Description Walters 22.98 is a painted limestone fragment of wall relief from the Temple of Hatshepsut at Deir el Bahri. Three archers are at least partially visible. Of the rear figure, only his left arm, with his hand clenched in a fist is visible crossing over the chest of the central figure. All that is visible of the rear figure is part of his right shoulder and the upper section of his bow. The figures form a line with the left arm of each man overlapping the right arm and chest of the man in front of him. The central figure stands with his face turned in profile toward the right and it may be assumed that the others are posed in a similar manner. His bow and quiver of arrows are held in his right hand and fall onto his right shoulder. He wears a short cap-like wig with rectangular plaits. His naturally shaped eye is wide open and overly large and his tear duct appears to be cutting into his nose. His lips are sharply outlined and his nose is defined by a deep crease. The flesh of the men is painted a dark reddish tone, however, a modern cleaning of this piece removed a significant portion of the pigment from the chest of the central figure.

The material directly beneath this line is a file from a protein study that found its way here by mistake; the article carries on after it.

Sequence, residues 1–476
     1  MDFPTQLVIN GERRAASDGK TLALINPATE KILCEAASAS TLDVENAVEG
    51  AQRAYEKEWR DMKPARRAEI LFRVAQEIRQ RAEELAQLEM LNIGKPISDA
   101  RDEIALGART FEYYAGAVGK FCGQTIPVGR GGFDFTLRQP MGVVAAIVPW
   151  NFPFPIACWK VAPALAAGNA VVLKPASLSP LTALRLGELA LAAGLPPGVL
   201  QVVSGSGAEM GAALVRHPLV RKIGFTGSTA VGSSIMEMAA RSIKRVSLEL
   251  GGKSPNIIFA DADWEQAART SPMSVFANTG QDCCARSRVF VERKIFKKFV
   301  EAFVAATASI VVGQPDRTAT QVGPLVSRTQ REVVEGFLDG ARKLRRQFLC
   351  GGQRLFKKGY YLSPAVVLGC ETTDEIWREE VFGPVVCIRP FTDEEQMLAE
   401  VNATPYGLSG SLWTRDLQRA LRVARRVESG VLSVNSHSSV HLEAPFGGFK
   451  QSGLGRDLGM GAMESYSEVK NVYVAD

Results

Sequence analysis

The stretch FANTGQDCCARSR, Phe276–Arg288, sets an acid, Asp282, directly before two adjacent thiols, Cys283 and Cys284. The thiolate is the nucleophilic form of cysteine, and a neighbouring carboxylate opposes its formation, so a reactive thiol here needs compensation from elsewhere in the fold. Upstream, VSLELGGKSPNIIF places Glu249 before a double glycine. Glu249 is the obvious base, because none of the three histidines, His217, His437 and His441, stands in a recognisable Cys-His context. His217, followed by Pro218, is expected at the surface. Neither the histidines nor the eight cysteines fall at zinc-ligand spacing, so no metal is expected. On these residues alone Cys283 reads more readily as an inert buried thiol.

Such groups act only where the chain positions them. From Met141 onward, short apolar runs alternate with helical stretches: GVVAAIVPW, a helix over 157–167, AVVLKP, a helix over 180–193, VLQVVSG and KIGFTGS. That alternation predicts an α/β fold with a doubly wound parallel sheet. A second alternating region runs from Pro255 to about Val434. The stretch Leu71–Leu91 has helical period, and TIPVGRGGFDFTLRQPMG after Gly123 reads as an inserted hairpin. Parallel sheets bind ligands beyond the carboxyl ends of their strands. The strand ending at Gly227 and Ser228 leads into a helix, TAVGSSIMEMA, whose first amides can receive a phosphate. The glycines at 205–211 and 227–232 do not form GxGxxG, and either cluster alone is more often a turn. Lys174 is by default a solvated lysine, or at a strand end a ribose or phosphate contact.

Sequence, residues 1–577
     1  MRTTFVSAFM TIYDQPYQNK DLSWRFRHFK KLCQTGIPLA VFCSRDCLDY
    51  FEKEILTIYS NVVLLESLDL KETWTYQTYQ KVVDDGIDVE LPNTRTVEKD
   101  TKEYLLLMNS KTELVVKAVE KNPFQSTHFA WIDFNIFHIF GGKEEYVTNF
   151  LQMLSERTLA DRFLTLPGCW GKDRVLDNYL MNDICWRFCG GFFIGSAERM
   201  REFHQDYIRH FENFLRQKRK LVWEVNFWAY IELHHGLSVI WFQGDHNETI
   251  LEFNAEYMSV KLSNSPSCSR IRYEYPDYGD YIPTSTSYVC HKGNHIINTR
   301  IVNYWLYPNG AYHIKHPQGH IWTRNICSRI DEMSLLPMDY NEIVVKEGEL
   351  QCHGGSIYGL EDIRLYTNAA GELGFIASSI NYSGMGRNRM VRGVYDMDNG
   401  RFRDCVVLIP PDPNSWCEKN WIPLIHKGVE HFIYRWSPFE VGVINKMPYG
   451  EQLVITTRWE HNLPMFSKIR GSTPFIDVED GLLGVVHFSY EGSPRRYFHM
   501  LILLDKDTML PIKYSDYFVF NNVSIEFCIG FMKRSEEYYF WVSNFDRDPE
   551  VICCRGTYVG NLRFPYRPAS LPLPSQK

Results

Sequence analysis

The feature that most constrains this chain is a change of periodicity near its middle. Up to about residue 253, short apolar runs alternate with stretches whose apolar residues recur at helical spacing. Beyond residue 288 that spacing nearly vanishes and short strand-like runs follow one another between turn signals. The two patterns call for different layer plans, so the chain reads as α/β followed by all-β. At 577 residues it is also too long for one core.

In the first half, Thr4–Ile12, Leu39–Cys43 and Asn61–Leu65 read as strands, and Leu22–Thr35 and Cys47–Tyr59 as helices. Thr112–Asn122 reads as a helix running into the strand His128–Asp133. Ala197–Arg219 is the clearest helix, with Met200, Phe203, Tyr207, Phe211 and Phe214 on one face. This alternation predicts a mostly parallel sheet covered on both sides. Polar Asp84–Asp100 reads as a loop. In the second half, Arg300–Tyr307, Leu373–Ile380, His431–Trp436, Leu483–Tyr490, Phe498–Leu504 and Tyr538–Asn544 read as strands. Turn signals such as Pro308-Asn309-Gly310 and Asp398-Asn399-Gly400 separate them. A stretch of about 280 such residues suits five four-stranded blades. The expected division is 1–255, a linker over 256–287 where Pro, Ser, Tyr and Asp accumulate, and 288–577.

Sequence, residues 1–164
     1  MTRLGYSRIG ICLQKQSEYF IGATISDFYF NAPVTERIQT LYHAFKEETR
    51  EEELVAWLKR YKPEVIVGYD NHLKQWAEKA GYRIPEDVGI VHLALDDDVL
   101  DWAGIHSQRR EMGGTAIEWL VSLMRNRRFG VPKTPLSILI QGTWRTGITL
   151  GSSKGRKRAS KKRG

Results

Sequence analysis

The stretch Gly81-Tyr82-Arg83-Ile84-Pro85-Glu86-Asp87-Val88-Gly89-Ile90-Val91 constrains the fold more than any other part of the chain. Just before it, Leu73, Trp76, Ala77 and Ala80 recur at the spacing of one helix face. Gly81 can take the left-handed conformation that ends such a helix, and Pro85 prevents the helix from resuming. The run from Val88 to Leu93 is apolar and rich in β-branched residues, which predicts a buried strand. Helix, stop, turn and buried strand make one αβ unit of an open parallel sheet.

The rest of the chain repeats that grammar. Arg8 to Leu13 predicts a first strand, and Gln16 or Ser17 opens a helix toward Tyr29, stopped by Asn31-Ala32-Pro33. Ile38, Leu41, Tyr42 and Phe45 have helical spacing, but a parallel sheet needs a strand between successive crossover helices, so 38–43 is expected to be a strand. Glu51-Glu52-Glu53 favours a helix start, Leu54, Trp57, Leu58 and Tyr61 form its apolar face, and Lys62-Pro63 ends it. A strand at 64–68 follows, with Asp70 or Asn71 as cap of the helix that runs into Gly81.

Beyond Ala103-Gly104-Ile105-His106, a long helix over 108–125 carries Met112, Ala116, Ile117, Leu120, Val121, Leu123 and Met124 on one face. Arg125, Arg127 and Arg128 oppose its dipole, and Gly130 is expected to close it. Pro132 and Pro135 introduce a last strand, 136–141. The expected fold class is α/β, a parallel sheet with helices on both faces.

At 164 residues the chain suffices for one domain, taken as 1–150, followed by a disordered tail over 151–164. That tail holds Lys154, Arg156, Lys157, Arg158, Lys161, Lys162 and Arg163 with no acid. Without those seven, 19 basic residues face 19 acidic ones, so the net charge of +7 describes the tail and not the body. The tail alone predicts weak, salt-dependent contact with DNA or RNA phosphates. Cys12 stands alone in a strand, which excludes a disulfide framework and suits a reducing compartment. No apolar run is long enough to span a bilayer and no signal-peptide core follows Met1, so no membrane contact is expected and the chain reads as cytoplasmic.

|10/24/1988||Examination||examined for condition|
|9/23/2002||Loan Consideration||examined for loan|
|1/22/2004||Treatment||cleaned; loss compensation|
|3/01/2004||Examination||examined for condition|
- Pharao siegt immer: Krieg und Frieden im Alten Ägypten (Pharaoh is Always Winning: War and Peace in Ancient Egypt). Gustav-Lübcke-Museum, Hamm; Hamburger Museum for Archaeology, Helms Museum, Hamburg; Reiss-Engelhorn Museum, Mannheim, Mannheim. 2004-2005.
Provenance Dikran Kelekian, New York and Paris [date and mode of acquisition unknown] [claimed from Luxor]; Henry Walters, Baltimore, 1924, by purchase; Walters Art Museum, 1931, by bequest.
Credit Acquired by Henry Walters, 1924
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